The three issues above are the top challenges faced by project teams, according to survey respondents. But any good project leader knows that fixing these three areas certainly doesn’t cover all your bases.

There’s any number of things to keep an eye on to make sure your team’s productivity isn’t negatively affected, including:

  • Too many meetings (cited as a key challenge by 20% of respondents)
  • Too many emails (cited as a key challenge by 18% of respondents)

Stay on top of these issues by conducting productivity health checks to see how the number of meetings and emails are impacting your team’s ability to get their work done. This check-in can be as simple as a recurring survey to get honest feedback on how effectively project leaders are using meetings and email to communicate with the team.

For more information on optimizing team effectiveness, check out our related research:

About the Author

Eileen O'Loughlin

Eileen O'Loughlin

Eileen O’Loughlin is a Senior Project Management Analyst for Capterra. Her research helps small businesses leverage the latest technology and trends to solve key business challenges and achieve strategic goals. Her work has been cited in various publications, including,, ProjectsAtWork and DevOps Digest.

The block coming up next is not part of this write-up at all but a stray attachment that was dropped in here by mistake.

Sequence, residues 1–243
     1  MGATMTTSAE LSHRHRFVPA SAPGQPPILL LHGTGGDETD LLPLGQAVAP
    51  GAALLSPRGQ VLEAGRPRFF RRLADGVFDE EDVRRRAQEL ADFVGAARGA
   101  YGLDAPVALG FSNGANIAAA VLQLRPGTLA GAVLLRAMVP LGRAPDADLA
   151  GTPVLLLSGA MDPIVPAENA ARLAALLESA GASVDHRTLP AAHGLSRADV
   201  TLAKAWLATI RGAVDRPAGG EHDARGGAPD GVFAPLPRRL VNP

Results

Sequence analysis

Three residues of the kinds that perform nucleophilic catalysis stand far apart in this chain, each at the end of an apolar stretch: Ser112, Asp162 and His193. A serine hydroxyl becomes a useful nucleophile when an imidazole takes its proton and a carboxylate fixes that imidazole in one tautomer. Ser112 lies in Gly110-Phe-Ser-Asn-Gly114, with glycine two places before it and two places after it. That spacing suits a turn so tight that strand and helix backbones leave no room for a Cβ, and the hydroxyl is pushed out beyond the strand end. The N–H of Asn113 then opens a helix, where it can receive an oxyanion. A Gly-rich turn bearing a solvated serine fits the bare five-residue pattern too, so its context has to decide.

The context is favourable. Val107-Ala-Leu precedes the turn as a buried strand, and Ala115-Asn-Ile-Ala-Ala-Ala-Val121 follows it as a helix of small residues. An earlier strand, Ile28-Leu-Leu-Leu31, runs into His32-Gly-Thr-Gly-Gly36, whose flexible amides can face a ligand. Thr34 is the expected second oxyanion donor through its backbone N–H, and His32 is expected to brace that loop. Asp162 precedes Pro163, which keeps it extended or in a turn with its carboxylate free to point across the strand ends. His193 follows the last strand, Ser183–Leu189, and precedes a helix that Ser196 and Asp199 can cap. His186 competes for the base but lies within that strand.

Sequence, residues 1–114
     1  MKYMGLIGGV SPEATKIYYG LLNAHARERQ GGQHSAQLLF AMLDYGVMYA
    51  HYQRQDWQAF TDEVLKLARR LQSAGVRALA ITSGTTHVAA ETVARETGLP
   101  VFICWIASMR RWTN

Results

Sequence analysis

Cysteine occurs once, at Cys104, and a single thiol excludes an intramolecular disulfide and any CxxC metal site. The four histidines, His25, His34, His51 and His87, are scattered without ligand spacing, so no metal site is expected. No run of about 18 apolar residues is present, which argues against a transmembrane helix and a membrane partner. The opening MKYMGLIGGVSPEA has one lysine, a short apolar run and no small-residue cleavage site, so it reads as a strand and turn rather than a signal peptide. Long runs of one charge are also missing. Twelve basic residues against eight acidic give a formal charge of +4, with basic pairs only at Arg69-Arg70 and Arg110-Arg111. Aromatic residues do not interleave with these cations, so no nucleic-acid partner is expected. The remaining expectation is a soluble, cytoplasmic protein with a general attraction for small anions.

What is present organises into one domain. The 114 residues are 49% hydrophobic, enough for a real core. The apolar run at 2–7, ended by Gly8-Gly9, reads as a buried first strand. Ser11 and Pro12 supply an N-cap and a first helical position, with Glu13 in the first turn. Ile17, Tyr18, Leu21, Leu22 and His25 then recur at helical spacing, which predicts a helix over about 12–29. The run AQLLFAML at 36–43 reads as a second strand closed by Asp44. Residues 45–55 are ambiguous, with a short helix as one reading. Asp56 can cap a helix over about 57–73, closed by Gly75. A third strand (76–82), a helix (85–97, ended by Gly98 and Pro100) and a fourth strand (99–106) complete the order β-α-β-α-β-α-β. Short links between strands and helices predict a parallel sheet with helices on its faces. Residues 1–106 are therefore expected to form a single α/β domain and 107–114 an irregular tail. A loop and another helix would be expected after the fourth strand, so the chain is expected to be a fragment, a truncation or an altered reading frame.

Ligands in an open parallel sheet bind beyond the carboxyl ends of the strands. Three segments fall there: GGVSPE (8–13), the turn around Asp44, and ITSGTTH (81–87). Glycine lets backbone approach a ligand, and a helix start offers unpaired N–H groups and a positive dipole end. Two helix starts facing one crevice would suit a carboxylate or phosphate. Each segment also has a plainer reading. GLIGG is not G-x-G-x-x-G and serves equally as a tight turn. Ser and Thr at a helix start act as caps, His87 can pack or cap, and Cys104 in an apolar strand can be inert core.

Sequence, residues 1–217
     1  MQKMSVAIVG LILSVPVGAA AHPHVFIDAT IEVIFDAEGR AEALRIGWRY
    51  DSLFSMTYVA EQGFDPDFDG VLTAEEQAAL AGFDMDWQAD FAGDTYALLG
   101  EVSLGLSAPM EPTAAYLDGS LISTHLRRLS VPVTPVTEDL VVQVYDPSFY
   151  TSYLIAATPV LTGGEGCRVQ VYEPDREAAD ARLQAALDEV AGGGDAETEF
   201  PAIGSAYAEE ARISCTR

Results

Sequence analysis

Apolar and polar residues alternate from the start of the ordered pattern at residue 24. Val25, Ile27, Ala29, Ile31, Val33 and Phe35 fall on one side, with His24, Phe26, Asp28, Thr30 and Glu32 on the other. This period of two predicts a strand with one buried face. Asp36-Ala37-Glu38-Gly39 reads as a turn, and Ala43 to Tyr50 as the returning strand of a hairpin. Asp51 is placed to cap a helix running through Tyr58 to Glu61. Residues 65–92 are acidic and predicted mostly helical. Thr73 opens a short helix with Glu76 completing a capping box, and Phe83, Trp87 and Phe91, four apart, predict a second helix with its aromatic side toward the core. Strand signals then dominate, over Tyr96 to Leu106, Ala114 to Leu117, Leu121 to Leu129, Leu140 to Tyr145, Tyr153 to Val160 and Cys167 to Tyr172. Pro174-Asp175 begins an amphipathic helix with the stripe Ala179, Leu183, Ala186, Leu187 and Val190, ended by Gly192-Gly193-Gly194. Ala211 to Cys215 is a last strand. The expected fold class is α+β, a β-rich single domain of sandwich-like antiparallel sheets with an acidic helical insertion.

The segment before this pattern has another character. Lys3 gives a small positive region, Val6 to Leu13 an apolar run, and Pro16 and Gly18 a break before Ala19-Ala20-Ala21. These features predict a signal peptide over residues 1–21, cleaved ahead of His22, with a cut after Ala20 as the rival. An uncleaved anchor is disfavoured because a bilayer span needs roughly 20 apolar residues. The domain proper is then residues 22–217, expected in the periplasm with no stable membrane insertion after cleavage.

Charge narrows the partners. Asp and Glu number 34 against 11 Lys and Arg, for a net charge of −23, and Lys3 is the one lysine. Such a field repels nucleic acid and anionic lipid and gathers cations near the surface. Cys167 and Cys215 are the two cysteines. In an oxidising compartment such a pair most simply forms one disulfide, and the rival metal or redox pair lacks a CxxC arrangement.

No comments yet. Be the first!

Comment on this article:

Comment Guidelines:
All comments are moderated before publication and must meet our guidelines. Comments must be substantive, professional, and avoid self promotion. Moderators use discretion when approving comments.

For example, comments may not:
• Contain personal information like phone numbers or email addresses
• Be self-promotional or link to other websites
• Contain hateful or disparaging language
• Use fake names or spam content
Your privacy is important to us. Check out our Privacy Policy.